The SageSuccess Project is a joint effort between the USGS, BLM, and USFWS to examine the factors that contribute to the establishment of big sagebrush. This first webinar will address the project overview, sagebrush restoration, and implications for resistance to invasive species and resilience to site disturbance. These will be presented in three 10-minute presentations by:
David Pilliod: The History, Study Design, and Partnerships of the SageSuccess Project - The SageSuccess project required considerable planning and partnership building and coordination. Early partner engagement and flexibility were key to our success. This presentation sets the stage for why and how the project formed, what lessons we learned along the way, and where the science may take us next.
Matt Germino: Big Picture Considerations for Sagebrush Restoration - Sagebrush ecosystems are often perceived a homogenous "seas" of shrubs, but efforts to restore these them consistently reveal to us the striking variation within and among sites. The heterogeneity occurs in time with due to factors such as weather variation, and in space due to climatic, topographic, and edaphic effects. Superimposed on this variability is a remarkable genetic diversity within sagebrush and its associated species. An overview of the challenges and opportunities associated with this environmental and organismal variability for sagebrush restoration will be presented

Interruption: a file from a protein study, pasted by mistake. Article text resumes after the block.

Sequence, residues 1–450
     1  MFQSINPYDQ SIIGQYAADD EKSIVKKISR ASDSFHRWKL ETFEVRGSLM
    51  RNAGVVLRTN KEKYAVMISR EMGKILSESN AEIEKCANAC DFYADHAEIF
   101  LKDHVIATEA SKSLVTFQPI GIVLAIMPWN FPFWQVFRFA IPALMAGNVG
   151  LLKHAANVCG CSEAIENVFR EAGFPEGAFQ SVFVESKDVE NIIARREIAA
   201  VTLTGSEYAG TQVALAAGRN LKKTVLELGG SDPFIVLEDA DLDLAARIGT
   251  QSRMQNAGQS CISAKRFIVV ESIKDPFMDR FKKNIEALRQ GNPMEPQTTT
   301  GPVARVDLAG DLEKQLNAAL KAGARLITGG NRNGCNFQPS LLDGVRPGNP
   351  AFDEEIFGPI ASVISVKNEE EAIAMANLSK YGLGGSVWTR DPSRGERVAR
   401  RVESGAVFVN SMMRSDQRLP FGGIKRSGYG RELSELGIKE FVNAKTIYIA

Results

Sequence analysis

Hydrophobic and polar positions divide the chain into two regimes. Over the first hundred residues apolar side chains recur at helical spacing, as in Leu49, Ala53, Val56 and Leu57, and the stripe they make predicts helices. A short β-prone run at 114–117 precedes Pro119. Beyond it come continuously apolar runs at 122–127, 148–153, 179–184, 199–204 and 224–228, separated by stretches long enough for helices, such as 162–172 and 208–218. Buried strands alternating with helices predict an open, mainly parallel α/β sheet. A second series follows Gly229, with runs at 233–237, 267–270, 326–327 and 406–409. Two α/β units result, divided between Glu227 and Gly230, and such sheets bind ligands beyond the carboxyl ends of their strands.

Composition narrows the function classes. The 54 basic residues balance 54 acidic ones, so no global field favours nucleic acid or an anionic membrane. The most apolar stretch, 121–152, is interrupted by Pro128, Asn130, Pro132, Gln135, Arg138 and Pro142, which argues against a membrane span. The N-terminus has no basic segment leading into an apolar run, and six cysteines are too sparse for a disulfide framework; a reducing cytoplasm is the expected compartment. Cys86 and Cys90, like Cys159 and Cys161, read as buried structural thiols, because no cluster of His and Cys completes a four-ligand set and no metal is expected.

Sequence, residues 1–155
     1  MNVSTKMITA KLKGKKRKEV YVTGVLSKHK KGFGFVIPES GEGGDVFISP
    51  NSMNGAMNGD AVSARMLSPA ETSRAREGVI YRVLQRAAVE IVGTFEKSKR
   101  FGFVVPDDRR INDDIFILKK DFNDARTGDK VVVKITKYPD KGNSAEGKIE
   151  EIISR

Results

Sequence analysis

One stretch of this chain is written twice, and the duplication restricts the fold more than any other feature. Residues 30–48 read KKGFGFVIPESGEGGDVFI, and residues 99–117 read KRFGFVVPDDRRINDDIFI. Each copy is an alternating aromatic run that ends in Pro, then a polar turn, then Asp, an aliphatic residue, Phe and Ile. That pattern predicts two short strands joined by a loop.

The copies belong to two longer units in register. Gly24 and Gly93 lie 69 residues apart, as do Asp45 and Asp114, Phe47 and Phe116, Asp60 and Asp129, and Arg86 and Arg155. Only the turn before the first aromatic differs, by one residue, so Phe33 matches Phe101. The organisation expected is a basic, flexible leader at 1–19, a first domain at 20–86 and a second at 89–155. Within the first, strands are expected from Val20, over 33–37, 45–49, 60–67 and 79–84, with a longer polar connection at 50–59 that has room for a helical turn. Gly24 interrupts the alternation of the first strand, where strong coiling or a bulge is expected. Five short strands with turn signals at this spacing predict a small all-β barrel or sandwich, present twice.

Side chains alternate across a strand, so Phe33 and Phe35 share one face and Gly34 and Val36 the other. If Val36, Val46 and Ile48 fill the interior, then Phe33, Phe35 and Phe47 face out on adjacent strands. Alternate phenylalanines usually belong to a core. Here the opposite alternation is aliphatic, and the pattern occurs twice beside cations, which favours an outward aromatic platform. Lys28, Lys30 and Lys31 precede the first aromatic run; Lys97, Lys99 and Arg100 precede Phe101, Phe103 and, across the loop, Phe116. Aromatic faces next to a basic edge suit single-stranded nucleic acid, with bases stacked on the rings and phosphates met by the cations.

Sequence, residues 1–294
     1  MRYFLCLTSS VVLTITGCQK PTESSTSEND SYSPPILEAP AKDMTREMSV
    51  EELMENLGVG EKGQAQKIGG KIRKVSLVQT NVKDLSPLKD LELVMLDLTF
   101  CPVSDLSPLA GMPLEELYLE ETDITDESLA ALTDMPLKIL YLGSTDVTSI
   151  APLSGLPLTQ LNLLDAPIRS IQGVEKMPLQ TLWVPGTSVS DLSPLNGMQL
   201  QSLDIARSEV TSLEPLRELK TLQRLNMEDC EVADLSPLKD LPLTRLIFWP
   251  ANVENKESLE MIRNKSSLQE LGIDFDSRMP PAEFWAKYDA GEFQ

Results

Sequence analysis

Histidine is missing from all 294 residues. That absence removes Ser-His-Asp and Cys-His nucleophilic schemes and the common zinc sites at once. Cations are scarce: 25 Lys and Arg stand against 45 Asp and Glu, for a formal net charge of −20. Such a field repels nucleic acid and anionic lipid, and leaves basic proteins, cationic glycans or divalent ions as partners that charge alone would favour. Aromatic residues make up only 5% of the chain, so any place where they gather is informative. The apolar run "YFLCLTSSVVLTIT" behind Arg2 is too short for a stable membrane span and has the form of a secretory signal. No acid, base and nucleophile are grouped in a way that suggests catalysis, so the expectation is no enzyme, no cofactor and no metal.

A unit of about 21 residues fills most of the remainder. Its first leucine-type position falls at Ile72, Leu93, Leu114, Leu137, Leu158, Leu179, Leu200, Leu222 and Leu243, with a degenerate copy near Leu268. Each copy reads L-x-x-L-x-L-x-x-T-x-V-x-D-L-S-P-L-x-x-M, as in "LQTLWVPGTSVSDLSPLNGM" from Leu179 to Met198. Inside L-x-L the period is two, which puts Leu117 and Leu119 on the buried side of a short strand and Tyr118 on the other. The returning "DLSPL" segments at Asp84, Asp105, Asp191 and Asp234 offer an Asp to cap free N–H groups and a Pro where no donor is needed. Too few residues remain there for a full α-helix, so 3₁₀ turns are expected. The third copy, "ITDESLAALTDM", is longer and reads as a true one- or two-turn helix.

Robert Arkle: Is Resistance & Resilience a Useful Predictive Tool? - The concept of ecological resistance and resilience to disturbance and subsequent invasion is becoming a cornerstone of conservation management in many ecosystems, including the Great Basin. However, whether this theory works in practice is largely untested at broad spatial and temporal scales. We assess whether resistance and resilience theory is supported by field data from over 200 post-wildfire rehabilitation sites sampled from 1–35 years post-treatment throughout the Great Basin.